Japan has featured a fair few times now in Anthony Bourdain’s previous TV work (‘A Cook’s Tour‘ and ‘No Reservations‘) but this was the first time to visit here since he joined CNN. The seventh episode of the second season of this travel and food show aired this Sunday just gone with Tokyo, the penultimate episode in a series that has taken the witty, sarcastic and profanity-using American chef/TV personality to Israel, Spain, New Mexico, Copenhagen, Sicilly and South Africa thus far.
You can watch the episode here
Much is known about the dedication, conformity and daytime life of the city’s salarymen but this show, as ever, tried to do something different and saw Bourdain going in search of the city’s dark, extreme and bizarrely fetishistic underside. It starts with quite an intense intro featuring him talking about his early experiences in Tokyo whilst sat in the New York Bar in the Park Hyatt Hotel; the very same bar which featured quite famously in ‘Lost In Translation‘ (2003). The programme then picks up pace with loads of footage in a montage thrown together in a quick moving package of highlights.
First up is the Robot Restaurant (below) in Shinjuku’s kabukicho nightlife district which first came to my attention when I saw it in Muse’s ‘Panic Station‘ video a few months back. Bourdain went to see one of the evening show’s at this place and was thoroughly impressed calling it afterwards ”the greatest show in the history of entertainment.” I’ve been fairly indecisive recently about whether to cough up the 5000 yen entrance fee for this or not but after recent glowing reviews from friends…. and Bourdain I may just have to give it a go soon.
Some of the weird and perverse acts which happen in the underbelly of Shinjuku’s darkest district are described as being more about a field of dreams and fantasies rather than the act of sex. Bourdain talks to his Japanese accomplice about the host clubs where middle-aged women go to be entertained by these very feminine-looking young guys. Bourdain brings up the irony of such a thing in an area where there are many guys hoping to get laid but his sidekick tells him that people don’t like getting rejected so they pay lots of money to go to these host clubs where they’re made to feel like a princess or whatever.
Nearby is the Golden-gai district (below left) of Shinjuku; a few narrow passageways possessing many shanty-style micr0-bars, clubs and eateries which I have never been to as they don’t seem to foreigner-friendly and to be honest I really don’t have any real urge to go to one just to tick that box to say I’ve done it. However, Bourdain visits a bar called Albatross to find out about such places and the code of confiding in the bartender.
Both martial arts and making sushi are two things which most people know about when it comes to Japan but perhaps they don’t know how the techniques for each are so similar. This is shown when he visits his old friend and mentor Yasuda-san (above right) at Sushi bar Yasuda. The guy is an ex-karate expert who lived in New York for over a quarter of century and he said a couple of things which the average punter may be unaware of. Firstly, he said that rice is the most important part of sushi and that fresh sushi is not the be-all and end-all of fine raw fish dining. I always watch these shows on Tokyo and Japan hoping to see something new about the city I reside in and so it was nice to learn something I didn’t know about sushi.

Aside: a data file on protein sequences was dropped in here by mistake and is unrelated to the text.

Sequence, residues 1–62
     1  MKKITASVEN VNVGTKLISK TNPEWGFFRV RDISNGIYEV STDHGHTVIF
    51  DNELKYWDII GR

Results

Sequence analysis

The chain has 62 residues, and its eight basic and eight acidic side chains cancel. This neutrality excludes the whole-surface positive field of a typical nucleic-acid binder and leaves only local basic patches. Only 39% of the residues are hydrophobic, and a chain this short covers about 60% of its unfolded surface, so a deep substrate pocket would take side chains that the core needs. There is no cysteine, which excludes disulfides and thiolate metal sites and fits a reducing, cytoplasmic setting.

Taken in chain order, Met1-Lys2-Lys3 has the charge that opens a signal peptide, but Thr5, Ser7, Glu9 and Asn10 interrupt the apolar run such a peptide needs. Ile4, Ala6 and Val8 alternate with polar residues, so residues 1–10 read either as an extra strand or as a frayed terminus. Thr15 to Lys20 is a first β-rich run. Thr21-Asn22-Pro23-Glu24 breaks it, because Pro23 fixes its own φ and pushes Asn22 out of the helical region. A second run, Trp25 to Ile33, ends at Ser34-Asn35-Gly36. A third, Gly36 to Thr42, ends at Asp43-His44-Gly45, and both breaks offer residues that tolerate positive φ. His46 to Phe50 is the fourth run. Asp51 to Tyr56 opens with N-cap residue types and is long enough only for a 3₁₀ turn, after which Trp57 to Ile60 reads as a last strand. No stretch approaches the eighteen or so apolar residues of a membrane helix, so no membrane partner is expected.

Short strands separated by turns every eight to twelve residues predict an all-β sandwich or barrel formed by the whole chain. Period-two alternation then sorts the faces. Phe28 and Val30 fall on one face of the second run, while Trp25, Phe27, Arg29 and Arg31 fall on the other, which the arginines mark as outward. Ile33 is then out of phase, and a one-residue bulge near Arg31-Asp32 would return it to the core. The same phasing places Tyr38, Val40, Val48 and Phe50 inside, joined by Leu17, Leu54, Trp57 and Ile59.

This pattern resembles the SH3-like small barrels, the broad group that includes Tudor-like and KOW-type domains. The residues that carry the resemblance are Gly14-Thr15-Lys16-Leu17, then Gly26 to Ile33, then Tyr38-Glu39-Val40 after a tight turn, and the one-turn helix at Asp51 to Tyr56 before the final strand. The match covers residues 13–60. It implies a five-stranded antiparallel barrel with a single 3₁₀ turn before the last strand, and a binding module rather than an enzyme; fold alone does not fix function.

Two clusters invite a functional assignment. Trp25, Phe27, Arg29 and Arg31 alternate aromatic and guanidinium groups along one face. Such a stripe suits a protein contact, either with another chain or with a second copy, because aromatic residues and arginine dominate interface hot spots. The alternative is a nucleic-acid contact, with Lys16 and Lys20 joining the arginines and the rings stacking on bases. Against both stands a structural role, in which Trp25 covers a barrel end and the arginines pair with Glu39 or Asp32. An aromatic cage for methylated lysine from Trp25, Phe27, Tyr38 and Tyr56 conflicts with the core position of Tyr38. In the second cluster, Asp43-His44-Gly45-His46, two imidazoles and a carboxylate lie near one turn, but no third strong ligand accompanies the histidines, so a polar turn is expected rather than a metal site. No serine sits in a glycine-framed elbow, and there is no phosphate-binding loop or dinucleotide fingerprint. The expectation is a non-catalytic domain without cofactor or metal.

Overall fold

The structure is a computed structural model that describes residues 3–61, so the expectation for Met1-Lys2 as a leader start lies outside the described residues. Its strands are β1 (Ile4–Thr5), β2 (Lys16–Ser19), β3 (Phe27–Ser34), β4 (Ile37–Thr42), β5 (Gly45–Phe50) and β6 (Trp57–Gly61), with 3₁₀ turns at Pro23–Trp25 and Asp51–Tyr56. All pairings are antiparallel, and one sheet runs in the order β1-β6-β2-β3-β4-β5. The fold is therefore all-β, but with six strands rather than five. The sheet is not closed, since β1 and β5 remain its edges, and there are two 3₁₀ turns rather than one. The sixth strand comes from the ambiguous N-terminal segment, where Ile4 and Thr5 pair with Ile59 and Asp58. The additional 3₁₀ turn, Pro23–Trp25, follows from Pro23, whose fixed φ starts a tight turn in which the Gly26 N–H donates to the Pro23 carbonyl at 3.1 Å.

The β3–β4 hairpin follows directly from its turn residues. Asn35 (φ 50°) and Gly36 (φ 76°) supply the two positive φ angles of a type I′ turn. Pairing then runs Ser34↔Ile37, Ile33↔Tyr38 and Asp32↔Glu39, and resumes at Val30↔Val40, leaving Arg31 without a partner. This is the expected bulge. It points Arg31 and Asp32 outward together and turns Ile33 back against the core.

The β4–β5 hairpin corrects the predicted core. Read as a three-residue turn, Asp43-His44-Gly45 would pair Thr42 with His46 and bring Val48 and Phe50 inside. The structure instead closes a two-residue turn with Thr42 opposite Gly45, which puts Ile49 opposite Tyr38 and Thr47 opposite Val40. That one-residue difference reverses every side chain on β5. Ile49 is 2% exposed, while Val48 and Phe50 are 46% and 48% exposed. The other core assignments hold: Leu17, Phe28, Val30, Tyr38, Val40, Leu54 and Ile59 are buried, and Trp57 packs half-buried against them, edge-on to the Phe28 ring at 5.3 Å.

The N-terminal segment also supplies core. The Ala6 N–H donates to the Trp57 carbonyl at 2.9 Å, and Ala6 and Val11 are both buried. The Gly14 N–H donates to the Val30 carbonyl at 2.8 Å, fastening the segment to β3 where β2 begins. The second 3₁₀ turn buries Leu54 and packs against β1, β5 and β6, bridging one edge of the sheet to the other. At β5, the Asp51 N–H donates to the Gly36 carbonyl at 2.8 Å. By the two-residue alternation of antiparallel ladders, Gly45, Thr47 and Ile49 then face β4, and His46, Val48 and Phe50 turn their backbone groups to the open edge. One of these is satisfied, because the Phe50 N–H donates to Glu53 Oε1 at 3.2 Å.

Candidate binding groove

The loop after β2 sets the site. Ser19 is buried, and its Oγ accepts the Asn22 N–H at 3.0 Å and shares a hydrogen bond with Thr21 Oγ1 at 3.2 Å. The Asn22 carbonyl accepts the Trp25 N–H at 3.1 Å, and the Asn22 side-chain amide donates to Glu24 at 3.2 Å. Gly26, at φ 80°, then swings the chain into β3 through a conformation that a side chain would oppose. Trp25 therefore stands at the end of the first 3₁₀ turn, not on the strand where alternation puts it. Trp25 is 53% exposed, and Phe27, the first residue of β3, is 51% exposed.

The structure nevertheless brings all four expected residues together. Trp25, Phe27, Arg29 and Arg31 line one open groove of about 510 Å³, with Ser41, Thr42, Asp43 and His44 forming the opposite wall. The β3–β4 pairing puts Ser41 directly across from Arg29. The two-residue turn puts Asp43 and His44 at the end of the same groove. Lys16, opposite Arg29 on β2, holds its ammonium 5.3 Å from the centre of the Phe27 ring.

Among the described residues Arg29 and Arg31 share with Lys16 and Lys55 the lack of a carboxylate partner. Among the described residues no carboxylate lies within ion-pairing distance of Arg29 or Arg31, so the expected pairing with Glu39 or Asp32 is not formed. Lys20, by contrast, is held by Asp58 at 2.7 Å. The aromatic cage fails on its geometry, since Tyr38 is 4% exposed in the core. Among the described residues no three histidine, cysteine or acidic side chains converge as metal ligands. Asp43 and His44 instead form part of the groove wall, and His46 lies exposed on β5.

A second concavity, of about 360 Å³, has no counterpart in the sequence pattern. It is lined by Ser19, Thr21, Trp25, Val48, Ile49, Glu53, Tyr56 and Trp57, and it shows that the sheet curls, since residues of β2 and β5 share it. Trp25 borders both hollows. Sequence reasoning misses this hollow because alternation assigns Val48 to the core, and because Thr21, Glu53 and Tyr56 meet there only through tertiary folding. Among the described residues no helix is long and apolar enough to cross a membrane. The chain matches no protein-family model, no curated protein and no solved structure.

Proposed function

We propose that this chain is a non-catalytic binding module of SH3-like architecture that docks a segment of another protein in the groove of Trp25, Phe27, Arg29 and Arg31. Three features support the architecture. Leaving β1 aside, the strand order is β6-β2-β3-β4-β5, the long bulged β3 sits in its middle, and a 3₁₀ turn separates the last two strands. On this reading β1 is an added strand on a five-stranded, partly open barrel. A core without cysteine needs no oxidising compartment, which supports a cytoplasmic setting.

Daitoryo is a street bar in Taito-ku where Bourdain and some other mavericks of Japanese culture (below left) eat grilled fermented fish and yakitori (skewers of meat) and some motsu nabe (intestine stew with miso) and talk about bondage, fetishes and all other parts of popular Japanese fantasy culture. We find out (if you can really believe these sources!) that all men like to tie up women and also be tied up!
Bourdain later meets up with the creator of tentacle porn (above) at Mie no Umi restaurant where he samples a particular nabe (hot pot of meat and veg) and talks about the violence, murder, rape and incredible sexual fetsishes that feature in Japanese porn.
You can’t deny Bourdain has a strong affection for this country and he doesn’t judge or laugh at the way things are done in Japan such as when discussing otaku culture which is of course different from his homeland where people are taught to put away the likes of comics and figures as they get older.
‘Merging Moon‘ is the Japanese metal band (below) featured in this episode. They have self released their previous albums and have no record deal but no doubt that will change given such promotion on the might of CNN as well as the programmes Facebook page…..oh and of course Tokyo Fox!!
Since his move to CNN I sometimes feel the food part of his programmes have taken a bit of a back-step so it was quite a relief to see it still included here although it did seem to be of secondary importance most of the time. One final trip to a tiny place in Naka Meguro saw him hook up with Yasuda again to sample some shrimp, basel, octopus, quail eggs and the place’s take on okonomiyaki (above) braised with worcester sauce.
Yet again Bourdain chooses to mention Lawson convenience stores (albeit vert briefly) as indeed he did on his last show in this country; ‘No Reservations – Japan: Cook It Raw‘ which makes me wonder if he’s being paid to promote such a place!
I’ve been watching Bourdain’s shows for many years now and have always enjoyed them but I’ve always been a bit wary that the stuff he does may not actually be that unknown and I guess it probably isn’t to most locals but with the programme geared towards the millions of CNN viewers in the USA and around the world I guess it really doesn’t matter. I did think that ‘Parts Unknown’ may have not offered anything too new for me and whilst I’m far from being a Tokyo specialist I was more than happy that it delivered a few things I didn’t know too much about.